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Author Topic: Artifacts at full view? Try a 26 GPx photo.  (Read 4061 times)

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« on: December 21, 2009, 11:31 »
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Give the reviewers some work. A 26 Gigapix panorama of Dresden, currently the largest photo in the world.
Quote
The picture was made with the Canon 5D mark II and a 400mm-lens. It consists of 1.665 full format pictures with 21.4 megapixel, which was recorded by a photo-robot in 172 minutes. The converting of 102 GB raw data by a computer with a main memory cache of 48 GB and 16 processors took 94 hours. With a resolution of 297.500 x 87.500 pixel (26 gigapixel) the picture is the largest in the world. (stand December 2009)


« Reply #1 on: December 21, 2009, 14:06 »
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This resolve the problem to find some worthy subject. Now you juste have to crop your panoramas. Nice find !

« Reply #2 on: December 21, 2009, 15:27 »
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Insane.

« Reply #3 on: December 21, 2009, 15:54 »
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that is crazy zooming in and out.

« Reply #4 on: December 21, 2009, 17:36 »
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Amazing:) a bit smaller but still a 18Gpx photo, in Prague this time:
http://www.360cities.net/prague-18-gigapixels

« Reply #5 on: December 21, 2009, 17:55 »
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Now that one is nice. Make me want to go in the olympic stadium tower here in Montreal and take a couple of snapshots. Maybe all worthless because of the windows but anyway.

« Reply #6 on: December 21, 2009, 20:14 »
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Here's your ticket to making images like that:

http://www.gigapansystems.com/

While 26 giga-pixels might be a bit much, you can still make some pretty skookum images with this baby.

« Reply #7 on: December 21, 2009, 23:04 »
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Stitched panoramas do well, I noticed. The software also got much better. Did anybody try the stitching package that came with the 5D-MKII?

« Reply #8 on: December 22, 2009, 02:17 »
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Stitched panoramas do well, I noticed. The software also got much better. Did anybody try the stitching package that came with the 5D-MKII?

what?  there are stitching packages with the 5D MKII

I have stitched around 6 photos together for microstock panos, just using photoshop, and it works very well.  Submitting those to the micros though, they have to be downsized a lot.

« Reply #9 on: December 22, 2009, 17:06 »
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Still unacceptable for microstock. Sensor spots in the sky. Rejected :(

« Reply #10 on: December 23, 2009, 03:08 »
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what?  there are stitching packages with the 5D MKII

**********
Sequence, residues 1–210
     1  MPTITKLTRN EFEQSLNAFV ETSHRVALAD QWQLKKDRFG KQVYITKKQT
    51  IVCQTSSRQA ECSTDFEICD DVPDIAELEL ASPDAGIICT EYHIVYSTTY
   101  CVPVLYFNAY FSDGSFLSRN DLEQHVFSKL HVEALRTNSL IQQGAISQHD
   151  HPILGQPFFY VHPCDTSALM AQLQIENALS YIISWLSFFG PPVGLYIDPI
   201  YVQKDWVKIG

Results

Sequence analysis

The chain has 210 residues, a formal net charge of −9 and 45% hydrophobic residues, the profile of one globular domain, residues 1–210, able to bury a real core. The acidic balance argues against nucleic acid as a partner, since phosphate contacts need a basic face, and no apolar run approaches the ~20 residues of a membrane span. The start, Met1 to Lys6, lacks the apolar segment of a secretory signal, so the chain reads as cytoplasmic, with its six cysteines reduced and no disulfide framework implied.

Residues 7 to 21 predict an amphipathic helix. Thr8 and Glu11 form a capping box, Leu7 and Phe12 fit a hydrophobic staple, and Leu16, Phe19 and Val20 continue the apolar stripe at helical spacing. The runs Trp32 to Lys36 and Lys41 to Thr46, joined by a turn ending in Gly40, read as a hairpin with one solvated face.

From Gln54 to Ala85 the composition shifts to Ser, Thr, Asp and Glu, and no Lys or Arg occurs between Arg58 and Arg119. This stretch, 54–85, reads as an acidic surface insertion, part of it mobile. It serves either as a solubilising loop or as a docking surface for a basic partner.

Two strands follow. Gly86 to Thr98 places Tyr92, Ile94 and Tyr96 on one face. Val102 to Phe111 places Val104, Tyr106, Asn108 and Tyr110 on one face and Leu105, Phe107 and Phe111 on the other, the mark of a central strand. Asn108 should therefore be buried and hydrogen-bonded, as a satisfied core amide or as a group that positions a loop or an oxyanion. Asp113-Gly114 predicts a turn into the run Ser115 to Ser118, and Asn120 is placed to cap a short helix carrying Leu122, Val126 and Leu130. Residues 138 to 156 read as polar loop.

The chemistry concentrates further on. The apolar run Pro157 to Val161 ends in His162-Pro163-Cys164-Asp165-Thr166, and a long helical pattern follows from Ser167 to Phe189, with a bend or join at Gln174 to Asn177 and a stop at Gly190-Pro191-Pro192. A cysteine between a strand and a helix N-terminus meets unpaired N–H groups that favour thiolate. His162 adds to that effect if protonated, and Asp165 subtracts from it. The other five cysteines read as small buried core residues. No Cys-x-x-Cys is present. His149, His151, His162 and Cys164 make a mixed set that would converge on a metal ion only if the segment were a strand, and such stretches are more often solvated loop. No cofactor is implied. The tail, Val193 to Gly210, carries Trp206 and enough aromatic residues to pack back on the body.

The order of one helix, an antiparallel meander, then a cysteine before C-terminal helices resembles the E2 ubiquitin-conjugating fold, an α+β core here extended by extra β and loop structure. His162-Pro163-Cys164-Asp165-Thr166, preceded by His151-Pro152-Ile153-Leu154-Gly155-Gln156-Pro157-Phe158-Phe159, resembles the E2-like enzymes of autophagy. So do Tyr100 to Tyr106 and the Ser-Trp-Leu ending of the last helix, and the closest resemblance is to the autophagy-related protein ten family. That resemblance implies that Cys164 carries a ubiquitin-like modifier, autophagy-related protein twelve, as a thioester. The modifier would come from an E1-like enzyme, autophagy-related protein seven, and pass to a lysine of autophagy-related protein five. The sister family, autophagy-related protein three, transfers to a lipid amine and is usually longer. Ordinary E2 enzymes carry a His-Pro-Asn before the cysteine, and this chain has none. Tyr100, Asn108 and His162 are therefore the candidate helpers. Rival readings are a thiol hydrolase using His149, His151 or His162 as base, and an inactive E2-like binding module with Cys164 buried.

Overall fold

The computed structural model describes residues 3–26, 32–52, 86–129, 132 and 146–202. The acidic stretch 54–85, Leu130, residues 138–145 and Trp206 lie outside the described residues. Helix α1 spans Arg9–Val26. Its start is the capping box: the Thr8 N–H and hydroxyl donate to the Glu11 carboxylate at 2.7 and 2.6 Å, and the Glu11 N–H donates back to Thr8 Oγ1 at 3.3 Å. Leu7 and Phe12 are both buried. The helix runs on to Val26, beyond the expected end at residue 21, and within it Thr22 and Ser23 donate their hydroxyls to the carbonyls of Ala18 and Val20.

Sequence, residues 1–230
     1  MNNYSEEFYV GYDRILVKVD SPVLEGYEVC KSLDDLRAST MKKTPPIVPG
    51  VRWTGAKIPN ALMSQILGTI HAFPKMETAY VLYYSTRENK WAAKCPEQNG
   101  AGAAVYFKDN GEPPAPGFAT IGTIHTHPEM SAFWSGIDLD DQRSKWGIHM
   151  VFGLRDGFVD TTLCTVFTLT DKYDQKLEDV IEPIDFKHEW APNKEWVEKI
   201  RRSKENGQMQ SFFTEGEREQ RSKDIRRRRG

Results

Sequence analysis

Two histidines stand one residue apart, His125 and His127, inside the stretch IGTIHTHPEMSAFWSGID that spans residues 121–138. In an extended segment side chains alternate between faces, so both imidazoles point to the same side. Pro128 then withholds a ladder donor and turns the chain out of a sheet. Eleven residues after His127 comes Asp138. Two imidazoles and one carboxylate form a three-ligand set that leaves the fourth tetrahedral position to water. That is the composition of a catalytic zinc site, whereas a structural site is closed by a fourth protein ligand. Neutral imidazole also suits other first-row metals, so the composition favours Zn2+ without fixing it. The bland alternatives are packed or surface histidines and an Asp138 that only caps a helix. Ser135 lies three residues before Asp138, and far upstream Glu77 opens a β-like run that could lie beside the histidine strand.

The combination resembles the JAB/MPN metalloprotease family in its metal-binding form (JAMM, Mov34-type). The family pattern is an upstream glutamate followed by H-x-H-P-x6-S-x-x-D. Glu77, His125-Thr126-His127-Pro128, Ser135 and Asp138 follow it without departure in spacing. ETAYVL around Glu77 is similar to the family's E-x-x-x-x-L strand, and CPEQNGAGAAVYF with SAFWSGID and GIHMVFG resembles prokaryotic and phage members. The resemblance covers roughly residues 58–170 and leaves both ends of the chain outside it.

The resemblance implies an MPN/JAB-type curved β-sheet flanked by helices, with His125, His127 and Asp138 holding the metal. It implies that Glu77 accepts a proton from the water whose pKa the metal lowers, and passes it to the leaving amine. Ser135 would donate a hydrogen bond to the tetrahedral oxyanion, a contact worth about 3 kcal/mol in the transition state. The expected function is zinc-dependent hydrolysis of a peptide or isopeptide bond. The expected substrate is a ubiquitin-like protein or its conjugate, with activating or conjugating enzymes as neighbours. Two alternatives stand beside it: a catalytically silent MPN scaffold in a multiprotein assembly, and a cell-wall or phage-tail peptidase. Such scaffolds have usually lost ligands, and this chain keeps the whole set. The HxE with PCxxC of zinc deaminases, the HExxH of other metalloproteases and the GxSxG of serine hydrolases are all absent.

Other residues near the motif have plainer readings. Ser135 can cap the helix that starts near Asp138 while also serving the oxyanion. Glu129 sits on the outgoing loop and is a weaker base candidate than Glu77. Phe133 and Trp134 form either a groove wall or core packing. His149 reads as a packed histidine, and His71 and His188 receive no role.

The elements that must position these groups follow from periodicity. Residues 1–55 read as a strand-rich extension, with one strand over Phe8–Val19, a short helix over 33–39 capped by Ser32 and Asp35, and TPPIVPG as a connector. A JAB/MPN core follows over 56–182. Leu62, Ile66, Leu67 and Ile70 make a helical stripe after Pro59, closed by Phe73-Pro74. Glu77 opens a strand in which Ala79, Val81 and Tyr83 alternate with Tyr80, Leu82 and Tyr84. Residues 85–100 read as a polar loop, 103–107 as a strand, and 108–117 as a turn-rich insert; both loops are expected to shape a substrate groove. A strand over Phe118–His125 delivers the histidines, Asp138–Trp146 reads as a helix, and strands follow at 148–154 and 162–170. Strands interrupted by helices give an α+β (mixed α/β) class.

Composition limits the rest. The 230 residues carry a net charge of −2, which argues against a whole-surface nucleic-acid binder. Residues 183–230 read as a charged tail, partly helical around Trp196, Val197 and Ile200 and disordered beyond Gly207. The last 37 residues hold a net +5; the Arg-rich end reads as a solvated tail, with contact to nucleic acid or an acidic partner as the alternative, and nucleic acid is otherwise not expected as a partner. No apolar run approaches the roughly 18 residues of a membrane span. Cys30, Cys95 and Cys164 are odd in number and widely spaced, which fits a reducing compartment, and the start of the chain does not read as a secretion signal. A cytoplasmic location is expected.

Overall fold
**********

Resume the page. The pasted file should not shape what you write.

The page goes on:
I think I made a mistake, sorry.

« Reply #11 on: January 31, 2010, 13:40 »
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Now I really want to upgrade for a 5D to a 5D II !!!!!  And of course I want their computer to go with that..............

WarrenPrice

« Reply #12 on: January 31, 2010, 14:16 »
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Now I really want to upgrade for a 5D to a 5D II !!!!!  And of course I want their computer to go with that..............

Me too.  Computing power is what holds me back from venturing into video.   :(

« Reply #13 on: January 31, 2010, 16:01 »
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Here is my attempt at a multi-image horizontal/vertical build....

Loon Lake Panorama View, located in El Dorado county, California, This shot consists of 36 different images stitched together to form a single image that was 51,444 pixels wide by 8,532 pixels tall. I reduced this image by 50% so that it is 25,944 pixels in width (did'nt have enough memory to convert the full sized image).This was then diced up into 1500 separate images to produce the zooming/panning abilities without downloading a massive image across the internet.

The scroll wheel works to zoom and you can grab the image to slide it around when zoomed in.

http://sierramc.com/zoomloon/

-Don

« Reply #14 on: January 31, 2010, 18:59 »
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3 hours of robot shooting + 94 hours stitching together 1,665 photos = 1 really big snapshot ..... potential copyrights, bad composition, limited commercial value, total waste of time LMAO !!!!!!

Brandon Seidel

  • BrandonSeidel.com
« Reply #15 on: February 01, 2010, 09:33 »
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I use CS4 now to stitch my panos, but I use to use a great tool called ArcSoft Panorama Maker.  I had version 4 and it did great.  Its very easy to use for beginners also.

Now that I use Lightroom, CS4 is easy also.  I just select all the images I want to put together and right click.  there is a "Send to CS4 ..." option that makes it easy.

« Reply #16 on: February 01, 2010, 10:17 »
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http://sierramc.com/zoomloon/
Fantastic! (there is a Wall-mart shopping bag at the extreme right  ;))

Microstock InsiderPhotoDune

 

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